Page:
- Celiac disease is a permanent condition.
- The disease can affect every system in your body, including skin, bones and joints, nervous system, and dental health.
- Undiagnosed celiac disease can lead to some types of cancer.
Celiac disease can affect every system in your body, including your bones and joints, hormones, and skin. Some symptoms of celiac disease may be ones unlikely to be associated with the condition. It’s also possible to have celiac disease without experiencing any symptoms at all.
The symptoms vary per individual and are significantly different for children and adults and in different sexes.
1. Digestive Symptoms
Many people with celiac disease experience digestive symptoms, but some don’t. Chronic diarrhea is a trademark symptom of celiac disease, affecting more than half of those newly diagnosed. The stool is usually smelly, watery, voluminous, and doesn’t sink.
Digestive symptoms can include :
- irritable bowel syndrome
- lactose intolerance
- gallbladder disease or pancreatitis
- weight gain
2. Neurological Symptoms
Undiagnosed people with celiac disease also suffer neurological issues, such as:
- extreme fatigue
- insomnia and other sleep disorders
- “brain fog”
- migraine headaches
- numbness and weakness in the extremities
- gluten ataxia or brain damage that causes loss of balance and coordination
- restless leg syndrome
3. Skin Disorders
Celiac disease can also affect your largest organ, which is your skin. Symptoms include:
- dermatitis herpetiformis or “gluten rash”, an intensely itchy skin rash
- alopecia areata, an autoimmune condition that causes hair loss
- dry skin
There’s no clear evidence pointing to gluten as the cause or trigger of these skin problems, but ditching gluten may help clear these skin problems.
4. Bone and Joint Symptoms
People with celiac disease also regularly experience these bone and joint issues, which may be attributed to the reduced absorption efficiency caused by damaged intestine:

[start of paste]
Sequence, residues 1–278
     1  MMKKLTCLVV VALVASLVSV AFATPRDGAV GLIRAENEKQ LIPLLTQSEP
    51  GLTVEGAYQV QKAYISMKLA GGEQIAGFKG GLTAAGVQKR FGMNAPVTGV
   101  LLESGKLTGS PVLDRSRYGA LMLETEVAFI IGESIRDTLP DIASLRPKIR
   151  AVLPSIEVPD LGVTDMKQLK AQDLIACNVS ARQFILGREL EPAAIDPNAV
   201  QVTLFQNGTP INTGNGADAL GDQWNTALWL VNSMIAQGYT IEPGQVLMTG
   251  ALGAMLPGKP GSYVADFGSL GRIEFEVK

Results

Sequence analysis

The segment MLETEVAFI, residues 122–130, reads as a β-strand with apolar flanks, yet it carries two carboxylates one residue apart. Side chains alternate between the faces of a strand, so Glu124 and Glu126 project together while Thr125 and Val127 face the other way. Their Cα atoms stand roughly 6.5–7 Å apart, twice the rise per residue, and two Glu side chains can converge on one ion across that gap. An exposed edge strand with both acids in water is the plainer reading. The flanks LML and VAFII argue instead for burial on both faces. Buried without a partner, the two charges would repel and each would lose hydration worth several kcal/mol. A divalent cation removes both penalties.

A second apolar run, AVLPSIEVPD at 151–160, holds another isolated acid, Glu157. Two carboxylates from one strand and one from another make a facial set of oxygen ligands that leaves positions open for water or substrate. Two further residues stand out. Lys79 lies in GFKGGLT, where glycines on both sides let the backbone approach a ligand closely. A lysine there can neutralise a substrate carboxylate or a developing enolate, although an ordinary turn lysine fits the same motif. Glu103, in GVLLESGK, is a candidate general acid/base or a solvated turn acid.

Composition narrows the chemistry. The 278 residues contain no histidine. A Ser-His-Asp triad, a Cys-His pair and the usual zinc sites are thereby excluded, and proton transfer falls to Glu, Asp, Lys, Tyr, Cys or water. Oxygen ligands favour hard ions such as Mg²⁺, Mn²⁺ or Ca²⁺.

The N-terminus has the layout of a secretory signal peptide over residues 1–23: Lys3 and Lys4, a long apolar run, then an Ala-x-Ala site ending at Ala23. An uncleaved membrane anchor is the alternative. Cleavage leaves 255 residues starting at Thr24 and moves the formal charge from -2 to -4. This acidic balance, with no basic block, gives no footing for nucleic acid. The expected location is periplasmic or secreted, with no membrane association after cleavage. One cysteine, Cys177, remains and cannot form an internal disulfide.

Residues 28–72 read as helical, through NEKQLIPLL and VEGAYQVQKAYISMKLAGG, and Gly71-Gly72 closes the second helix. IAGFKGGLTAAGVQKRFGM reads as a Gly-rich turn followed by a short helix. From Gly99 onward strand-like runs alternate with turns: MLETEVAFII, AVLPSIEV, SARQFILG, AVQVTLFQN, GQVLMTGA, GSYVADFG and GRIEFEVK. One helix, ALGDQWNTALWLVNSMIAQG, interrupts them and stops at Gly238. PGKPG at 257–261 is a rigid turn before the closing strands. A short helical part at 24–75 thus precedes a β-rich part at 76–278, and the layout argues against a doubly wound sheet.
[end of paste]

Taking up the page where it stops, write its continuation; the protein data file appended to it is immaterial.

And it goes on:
- joint pain
- bone pain
- rheumatoid arthritis
5. Dental Issues
Undiagnosed people with celiac disease also develop teeth and gum problems, including:
- frequent cavities
- eroding enamel
- spots on a child’s new teeth with no enamel
- delayed eruption of baby or adult teeth
- multiple cavities
- canker sores
- periodontal disease or badly receding gums
Severe symptoms of celiac disease in children include:
- chronic fatigue
- low blood pressure
- electrolyte imbalances
- and abdominal obstruction
In adults, unrecognized celiac often comes with symptoms of non-Hodgkin lymphoma, a rare type of cancer.
When celiac disease remains undiagnosed or untreated for years, it can lead to:
- weight loss
- delayed or slow growth
- thyroid disease
- type 1 diabetes
- reproductive health issues
Celiac disease may lower the risk of breast cancer but increase the risk of small intestine cancer, carcinoid tumors that affect the digestive tract, and gastrointestinal stromal tumors.
When to See a Doctor
See your doctor if your child has persistent diarrhea or digestive discomfort for prolonged periods. All first-degree family members of people with celiac disease are also at high risk, so they also need to be tested.
Celiac disease can be mistaken for many other conditions. Having the symptoms mentioned above doesn’t mean you have celiac disease, but you should consider getting tested for the disease.
Source: Very Well Health